“If you were to get to know 100 families in East Palo Alto, maybe 50 out of 100 already are right at that point at which savings are so low that ... a flood event ... could be that tipping point,” said Derek Ouyang, a program manager and lecturer at the Stanford Future Bay Initiative.
“This is really one of the first cases where you can say, shockingly, in some ways, these slow, calm ice sheets care a lot about a single extreme event in a particularly warm year," Dusty Schroeder, said.
The U.S. must seriously consider the idea of tinkering with the atmosphere to cool a warming Earth and research how and whether humanity should hack the planet. “I honestly don’t know whether or not it’s going to make sense,” said Chris Field.
“We expected faster plant growth and more biomass to increase soil organic carbon, as extra leaves and biomass fall to the forest floor,” said Rob Jackson. “It didn’t, and that was the biggest surprise in our work.”
Satellite imagery shows air pollution levels bounced back to pre-pandemic numbers after a decline due to COVID-19 lockdowns. Environmental economist Marshall Burke said, "the better air quality could have saved between 50,000 and 75,000 people from dying prematurely."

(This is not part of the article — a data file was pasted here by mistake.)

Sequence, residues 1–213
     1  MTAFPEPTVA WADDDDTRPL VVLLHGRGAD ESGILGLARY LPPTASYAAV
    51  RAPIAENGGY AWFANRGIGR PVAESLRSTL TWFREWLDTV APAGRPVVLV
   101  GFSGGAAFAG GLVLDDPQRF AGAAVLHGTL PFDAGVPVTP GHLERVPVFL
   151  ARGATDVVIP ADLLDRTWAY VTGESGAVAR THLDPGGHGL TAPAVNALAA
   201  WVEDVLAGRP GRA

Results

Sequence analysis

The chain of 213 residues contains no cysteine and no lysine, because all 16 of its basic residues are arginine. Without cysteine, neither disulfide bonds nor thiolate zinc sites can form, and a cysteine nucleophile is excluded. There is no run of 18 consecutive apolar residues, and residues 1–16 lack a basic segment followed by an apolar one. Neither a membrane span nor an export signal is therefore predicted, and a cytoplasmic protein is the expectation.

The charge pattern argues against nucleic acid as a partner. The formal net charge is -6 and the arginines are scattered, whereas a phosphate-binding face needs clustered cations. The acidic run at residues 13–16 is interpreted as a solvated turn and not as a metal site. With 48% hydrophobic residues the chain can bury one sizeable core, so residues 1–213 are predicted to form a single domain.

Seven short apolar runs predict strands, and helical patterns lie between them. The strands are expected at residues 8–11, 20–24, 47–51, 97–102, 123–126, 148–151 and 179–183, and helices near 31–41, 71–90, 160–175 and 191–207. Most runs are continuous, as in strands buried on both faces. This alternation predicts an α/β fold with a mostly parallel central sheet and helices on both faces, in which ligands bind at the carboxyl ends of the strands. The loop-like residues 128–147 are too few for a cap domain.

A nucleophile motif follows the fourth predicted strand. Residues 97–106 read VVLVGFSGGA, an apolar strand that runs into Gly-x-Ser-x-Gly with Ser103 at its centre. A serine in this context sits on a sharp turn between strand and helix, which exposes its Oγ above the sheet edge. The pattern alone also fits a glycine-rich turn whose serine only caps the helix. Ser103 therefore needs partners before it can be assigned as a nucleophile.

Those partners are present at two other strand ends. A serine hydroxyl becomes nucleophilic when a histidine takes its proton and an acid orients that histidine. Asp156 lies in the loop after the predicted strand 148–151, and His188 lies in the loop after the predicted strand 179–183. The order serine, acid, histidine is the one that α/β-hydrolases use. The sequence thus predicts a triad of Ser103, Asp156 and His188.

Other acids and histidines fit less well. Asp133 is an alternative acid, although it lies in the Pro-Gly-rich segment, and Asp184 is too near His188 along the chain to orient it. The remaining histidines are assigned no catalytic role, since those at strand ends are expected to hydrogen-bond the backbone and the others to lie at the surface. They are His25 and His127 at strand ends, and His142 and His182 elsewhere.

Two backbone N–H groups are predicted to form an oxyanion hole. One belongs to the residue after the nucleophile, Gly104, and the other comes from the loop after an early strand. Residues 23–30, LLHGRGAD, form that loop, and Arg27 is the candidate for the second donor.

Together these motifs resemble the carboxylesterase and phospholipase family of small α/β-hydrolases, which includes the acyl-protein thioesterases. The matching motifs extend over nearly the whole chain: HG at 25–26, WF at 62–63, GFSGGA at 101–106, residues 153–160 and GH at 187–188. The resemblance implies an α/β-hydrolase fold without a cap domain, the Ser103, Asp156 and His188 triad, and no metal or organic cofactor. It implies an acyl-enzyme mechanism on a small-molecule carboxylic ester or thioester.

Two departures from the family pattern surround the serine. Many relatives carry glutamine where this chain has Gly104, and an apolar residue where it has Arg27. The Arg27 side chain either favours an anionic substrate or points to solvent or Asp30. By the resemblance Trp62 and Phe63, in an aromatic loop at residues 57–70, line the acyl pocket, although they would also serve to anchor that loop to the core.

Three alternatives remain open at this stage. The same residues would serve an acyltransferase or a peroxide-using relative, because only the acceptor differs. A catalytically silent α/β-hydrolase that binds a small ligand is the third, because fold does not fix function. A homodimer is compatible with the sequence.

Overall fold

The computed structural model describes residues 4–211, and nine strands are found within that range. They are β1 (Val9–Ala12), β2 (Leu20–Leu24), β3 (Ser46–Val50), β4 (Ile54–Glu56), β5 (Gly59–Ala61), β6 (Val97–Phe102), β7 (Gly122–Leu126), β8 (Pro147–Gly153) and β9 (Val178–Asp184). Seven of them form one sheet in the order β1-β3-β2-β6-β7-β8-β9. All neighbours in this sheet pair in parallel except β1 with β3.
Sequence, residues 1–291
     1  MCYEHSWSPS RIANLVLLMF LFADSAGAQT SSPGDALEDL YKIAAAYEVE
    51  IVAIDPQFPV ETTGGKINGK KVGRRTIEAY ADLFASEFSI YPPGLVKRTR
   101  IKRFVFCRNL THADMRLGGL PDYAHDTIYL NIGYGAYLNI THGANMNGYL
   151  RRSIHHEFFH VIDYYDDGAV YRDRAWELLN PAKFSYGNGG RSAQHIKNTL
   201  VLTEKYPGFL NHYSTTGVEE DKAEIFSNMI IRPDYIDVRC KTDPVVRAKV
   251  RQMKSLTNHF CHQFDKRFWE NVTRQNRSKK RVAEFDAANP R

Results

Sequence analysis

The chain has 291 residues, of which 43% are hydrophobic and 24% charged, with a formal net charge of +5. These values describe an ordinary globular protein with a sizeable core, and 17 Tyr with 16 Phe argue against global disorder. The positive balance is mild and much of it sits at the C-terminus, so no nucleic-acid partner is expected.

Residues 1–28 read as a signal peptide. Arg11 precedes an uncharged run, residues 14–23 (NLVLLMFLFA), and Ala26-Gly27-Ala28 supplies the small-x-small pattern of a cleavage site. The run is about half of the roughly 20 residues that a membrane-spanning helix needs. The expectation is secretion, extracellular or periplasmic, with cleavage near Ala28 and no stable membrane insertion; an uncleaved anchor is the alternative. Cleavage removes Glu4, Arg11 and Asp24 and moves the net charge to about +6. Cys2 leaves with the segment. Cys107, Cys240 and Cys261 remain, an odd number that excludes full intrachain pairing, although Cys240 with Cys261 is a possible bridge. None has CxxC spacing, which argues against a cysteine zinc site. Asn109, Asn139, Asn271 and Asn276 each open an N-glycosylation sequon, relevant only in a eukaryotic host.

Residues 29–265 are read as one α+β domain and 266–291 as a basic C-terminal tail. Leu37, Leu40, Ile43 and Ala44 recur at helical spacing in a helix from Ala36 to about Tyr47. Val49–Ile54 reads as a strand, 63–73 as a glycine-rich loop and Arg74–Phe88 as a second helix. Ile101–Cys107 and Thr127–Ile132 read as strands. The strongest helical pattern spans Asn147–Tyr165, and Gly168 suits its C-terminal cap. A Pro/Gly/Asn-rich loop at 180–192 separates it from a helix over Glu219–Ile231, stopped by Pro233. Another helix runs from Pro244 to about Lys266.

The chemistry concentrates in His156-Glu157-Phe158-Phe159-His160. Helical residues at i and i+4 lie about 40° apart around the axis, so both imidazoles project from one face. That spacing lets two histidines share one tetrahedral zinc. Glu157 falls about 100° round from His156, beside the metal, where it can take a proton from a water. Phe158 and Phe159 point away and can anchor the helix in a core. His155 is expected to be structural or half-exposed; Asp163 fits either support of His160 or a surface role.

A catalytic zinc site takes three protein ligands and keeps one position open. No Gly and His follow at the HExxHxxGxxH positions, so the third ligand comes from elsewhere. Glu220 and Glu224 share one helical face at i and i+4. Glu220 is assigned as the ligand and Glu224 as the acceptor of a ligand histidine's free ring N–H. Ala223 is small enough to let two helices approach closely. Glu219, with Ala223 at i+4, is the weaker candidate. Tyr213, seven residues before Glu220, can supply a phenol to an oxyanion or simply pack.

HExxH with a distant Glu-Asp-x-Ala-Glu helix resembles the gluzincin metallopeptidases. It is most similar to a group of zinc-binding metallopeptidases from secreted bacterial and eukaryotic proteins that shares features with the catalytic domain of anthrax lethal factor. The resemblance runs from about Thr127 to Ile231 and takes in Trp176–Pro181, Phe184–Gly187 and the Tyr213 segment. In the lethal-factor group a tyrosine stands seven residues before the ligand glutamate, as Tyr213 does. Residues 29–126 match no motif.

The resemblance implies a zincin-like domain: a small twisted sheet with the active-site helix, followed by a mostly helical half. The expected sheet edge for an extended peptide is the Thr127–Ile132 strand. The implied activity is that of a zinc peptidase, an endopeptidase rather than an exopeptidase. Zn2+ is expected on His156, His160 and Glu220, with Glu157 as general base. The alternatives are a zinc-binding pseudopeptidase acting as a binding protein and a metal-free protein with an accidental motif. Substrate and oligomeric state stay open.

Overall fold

Hydrofluorocarbons, or HFCs, used in refrigerants have a significant drawback. “One large glass of HFC 134 has the same warming as a thousand pounds of carbon dioxide pollution from our cars,” said Rob Jackson. “It's really an amazingly potent greenhouse gas.”
"We can't cut emissions by putting hundreds of millions of people out of work and locking everyone at home," said Rob Jackson. Emissions are back to pre-pandemic levels but to lower them again it shouldn't cost people their jobs.
“In some cases, as we become more sophisticated, we’ve lost the ability to see what’s most obvious,” said Rod Ewing, Frank Stanton Professor in Nuclear Security at Stanford. “You calculate the probability of an event against the expense – and often cost is the driver.”